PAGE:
Agile has two meanings; both are precisely alike and very different in reality. As the creators of the Agile Manifesto would call it, its new way of work was introduced for software development projects but is now adopted everywhere, including back-office functions. Agile is also a common English word that describes "the power of moving quickly; nimbleness; briskness; activity, either of the body or mind."
But guess what?
Organizations like to use it willy nilly to describe their teams as Agile. Maybe they want to take advantage of the confusion to avoid dealing with the truth about their work culture. Avoiding a conversation on changes that ought to happen but are just difficult to do, which include:
Improving team autonomy and being less "micro" managing.
Engaging customers continuously
Being experimental with ideas
Admitting that something failed and nine out of ten generally do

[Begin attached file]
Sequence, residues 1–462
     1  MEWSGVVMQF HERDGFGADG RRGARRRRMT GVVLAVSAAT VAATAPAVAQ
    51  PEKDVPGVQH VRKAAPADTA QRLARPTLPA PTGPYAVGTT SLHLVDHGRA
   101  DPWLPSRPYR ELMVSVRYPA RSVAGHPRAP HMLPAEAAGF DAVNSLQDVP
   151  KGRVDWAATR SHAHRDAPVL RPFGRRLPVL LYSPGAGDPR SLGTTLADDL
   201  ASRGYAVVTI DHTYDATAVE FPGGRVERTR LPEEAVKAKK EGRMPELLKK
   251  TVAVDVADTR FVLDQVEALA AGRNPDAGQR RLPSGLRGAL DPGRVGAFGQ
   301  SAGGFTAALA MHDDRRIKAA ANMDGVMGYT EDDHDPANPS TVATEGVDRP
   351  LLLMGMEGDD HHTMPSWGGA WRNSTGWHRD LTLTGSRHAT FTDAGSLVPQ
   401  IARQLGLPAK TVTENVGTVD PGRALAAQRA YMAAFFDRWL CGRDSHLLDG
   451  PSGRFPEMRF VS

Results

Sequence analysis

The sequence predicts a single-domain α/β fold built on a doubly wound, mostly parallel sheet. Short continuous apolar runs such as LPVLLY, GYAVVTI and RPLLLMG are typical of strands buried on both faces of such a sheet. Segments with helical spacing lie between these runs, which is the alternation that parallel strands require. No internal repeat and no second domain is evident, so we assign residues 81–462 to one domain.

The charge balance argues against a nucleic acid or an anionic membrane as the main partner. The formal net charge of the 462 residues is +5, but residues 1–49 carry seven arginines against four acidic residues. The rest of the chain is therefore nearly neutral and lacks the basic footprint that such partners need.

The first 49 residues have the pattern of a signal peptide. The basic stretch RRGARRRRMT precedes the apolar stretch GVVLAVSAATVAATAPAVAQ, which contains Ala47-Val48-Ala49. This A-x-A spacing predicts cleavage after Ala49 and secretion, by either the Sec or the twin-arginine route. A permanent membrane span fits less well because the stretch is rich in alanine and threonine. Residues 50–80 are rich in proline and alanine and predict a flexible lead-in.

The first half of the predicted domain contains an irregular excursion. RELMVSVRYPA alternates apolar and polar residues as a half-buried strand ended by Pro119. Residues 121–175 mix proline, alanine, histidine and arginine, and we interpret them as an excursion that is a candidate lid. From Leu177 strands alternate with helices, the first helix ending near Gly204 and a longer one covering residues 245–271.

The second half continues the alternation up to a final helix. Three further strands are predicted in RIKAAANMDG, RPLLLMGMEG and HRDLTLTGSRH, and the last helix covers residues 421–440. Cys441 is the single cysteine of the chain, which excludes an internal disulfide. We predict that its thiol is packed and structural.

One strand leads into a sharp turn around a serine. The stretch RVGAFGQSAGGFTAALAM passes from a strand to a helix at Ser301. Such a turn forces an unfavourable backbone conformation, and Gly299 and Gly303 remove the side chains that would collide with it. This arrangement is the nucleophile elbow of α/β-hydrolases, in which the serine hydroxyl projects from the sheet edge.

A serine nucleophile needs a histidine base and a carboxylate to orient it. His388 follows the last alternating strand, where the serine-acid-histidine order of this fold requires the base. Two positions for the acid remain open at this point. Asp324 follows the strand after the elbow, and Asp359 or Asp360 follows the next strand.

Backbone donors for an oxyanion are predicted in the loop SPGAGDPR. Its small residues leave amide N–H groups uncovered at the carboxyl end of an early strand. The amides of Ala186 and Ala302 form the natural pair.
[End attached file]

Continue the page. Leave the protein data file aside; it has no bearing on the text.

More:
Let's look at some of the challenges;
You are empowered, but...
Agile teams are empowered to make decisions; decisions that impact the bottom line and not decisions on seating arrangement; decisions made autonomously and not only those that echo their bosses. Unfortunately, this is difficult because of a vicious cycle of distrust.
I heard you, but I know better...
Top Employee: I'm excited about this idea, and my boss is, my boss's boss is, so its a go
Observing Platypus: but wait, did you ask the customer if they liked it?
Top Employee: No, not on this idea, but we did engage them sometime back in a focus group, and they generally wanted me, my boss, and my boss's boss.
Observing Catfish: So you will check with them again soon on this idea?
Top Employee: Yeah, after we secure the approvals, resources, funding and complete the development work
Both Observers in unison: [slap forehead]
the "you can try" lip service